NewsCalifornia Adds New Wine Region, SLO Coast

California Adds New Wine Region, SLO Coast


California has added a new wine region in San Luis Obispo County, SLO Coast.

Last week, the SLO Coast Wine Collective announced that the San Luis Obispo Coast has been recognized by the US Alcohol and Tobacco Tax and Trade Bureau as the newest American Viticultural Area.

Until this new addition, San Luis Obispo County was home to four AVAs — Paso Robles, Arroyo Grande, Edna Valley, and York Mountain — but had not had a new a new addition since Arroyo Grande was awarded the title in 1990.

The SLO Coast AVA consists of a narrow strip of land 60 miles in length and 15 miles wide. It is home to 32 wineries, who together applied for the official status in 2017, making a case for the area’s unique and regional-specific characteristics based largely on its proximity to the Pacific Ocean.

“We are one of the coldest spots to grow grapes because we are so close to the Pacific Ocean. What makes this area interesting is the low temperatures coupled with a lot of sunlight. Cool temperatures preserve acid and in grapes like Pinot Noir, the sun helps with pigment, color, and tannin,” said SLO Coast Wine president Stephen Dooley. The San Luis Obispo Coast AVA’s soils range from marine to volcanic depending on the location of the vineyard.

The San Luis Obispo Coast AVA’s 78 vineyards have 3,942 acres planted to vines — most famously to premium Chardonnay and Pinot Noir. Over the past decade, however, a more diverse list of grape varieties has taken root, including Albariño, Grüner Veltliner, and Riesling as well as red varieties such as Grenache, Syrah, Tempranillo, Zinfandel, and Lagrein.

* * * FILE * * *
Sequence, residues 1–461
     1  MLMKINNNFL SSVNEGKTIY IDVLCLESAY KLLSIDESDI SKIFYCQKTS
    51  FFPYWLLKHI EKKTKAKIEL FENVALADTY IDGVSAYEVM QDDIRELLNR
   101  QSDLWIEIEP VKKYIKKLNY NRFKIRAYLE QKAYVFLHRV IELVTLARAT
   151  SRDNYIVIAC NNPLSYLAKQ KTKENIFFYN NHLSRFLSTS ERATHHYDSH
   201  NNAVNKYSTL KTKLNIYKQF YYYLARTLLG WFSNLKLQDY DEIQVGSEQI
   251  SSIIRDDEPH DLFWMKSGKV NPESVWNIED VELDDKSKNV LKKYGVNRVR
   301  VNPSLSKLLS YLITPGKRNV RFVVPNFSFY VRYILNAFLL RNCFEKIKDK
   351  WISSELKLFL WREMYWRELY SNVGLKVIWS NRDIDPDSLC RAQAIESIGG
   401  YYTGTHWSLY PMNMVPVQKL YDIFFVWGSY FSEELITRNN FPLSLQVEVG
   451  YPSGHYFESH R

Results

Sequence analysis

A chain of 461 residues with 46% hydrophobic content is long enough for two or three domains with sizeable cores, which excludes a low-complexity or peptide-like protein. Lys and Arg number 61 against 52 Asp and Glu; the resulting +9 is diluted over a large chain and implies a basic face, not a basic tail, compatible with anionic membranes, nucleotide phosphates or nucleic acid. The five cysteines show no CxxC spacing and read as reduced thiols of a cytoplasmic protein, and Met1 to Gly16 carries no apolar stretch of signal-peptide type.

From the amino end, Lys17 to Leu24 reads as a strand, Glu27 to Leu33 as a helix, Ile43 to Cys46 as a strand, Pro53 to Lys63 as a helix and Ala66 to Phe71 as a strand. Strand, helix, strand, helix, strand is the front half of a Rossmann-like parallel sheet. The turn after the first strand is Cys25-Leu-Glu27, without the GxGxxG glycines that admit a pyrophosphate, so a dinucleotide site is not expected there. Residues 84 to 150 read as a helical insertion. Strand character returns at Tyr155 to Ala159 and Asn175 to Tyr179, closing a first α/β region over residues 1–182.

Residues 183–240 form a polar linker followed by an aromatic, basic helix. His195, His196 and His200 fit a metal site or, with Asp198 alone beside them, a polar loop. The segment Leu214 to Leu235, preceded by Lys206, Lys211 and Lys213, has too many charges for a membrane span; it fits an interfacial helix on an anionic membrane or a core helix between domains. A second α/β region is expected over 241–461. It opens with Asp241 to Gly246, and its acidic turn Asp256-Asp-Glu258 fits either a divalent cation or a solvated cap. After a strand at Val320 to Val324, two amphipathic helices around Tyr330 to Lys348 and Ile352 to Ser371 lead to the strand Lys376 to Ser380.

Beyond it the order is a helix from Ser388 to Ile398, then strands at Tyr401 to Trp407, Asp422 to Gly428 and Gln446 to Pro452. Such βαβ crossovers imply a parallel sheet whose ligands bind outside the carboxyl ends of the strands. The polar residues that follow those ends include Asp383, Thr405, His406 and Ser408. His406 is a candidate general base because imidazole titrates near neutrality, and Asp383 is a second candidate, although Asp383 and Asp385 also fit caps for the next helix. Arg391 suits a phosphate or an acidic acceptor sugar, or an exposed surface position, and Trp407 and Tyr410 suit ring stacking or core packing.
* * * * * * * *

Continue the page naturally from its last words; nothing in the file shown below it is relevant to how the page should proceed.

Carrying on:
“Ninety-seven percent of our vineyards are planted 6 or fewer miles from the Pacific,” said Aaron Jackson, winemaker at Aequorea Wines and author of the AVA application. “Based on annual Growing Degree Day data retrieved from 30+ weather stations in the area, the SLO Coast AVA is the coolest temperature AVA in California. Diurnal temperature shift, wind, and fog are reflected by this measurement, as are the character and quality of the grapes grown here. These cool conditions can be tough on the growers but they give the winemakers so much to work with.”

Those low temperatures provide the SLO Coast AVA with a prolonged growing season that gives grapes more time to develop complexity. These wines tend to exhibit more fresh fruit and focused acidity than wines grown over the hill in the warmer northeastern part of the county, and the alcohol levels are moderated by the temperature as well. The result is wines that accompany food beautifully while exhibiting an inherent elegance and finesse.

Wineries that also fall within the smaller Edna Valley and Arroyo Grande Valley AVAs are permitted to use the appellation they feel best represents their wines. The new AVA also permits producers to use either “San Luis Obispo Coast” or “SLO Coast” on their labels.

Members of the SLO Coast Wine Collective include Absolution Cellars, Aequorea, Autry Cellars, Baileyana, Tangent and True Myth wineries, Biddle Ranch Vineyard, Cal Poly Winery, Center of Effort, Chamisal Vineyards, Claiborne & Churchill Winery, Croma Vera Wines, Cutruzzola Vineyards, Dunites Wine Co, Edna Valley Vineyard, El Lugar Wines, Filipponi Ranch, Kynsi Winery, Laetitia Vineyard & Winery, Maidenstoen Wine, Niner Wine Estates, Oceano Wines, Peloton Cellars, Piedra Creek Winery, Ragtag Wine Co, Saucelito Canyon Vineyard, Sinor-LaVallee, Stephen Ross Wine Cellars, Stolo Vineyards, Talley Vineyards, Timbre Winery, Tolosa, Verdad & Lindquist Family Wines and Wolff Vineyards.

For more information, head over to SLO Coast Wine Collective’s official website.


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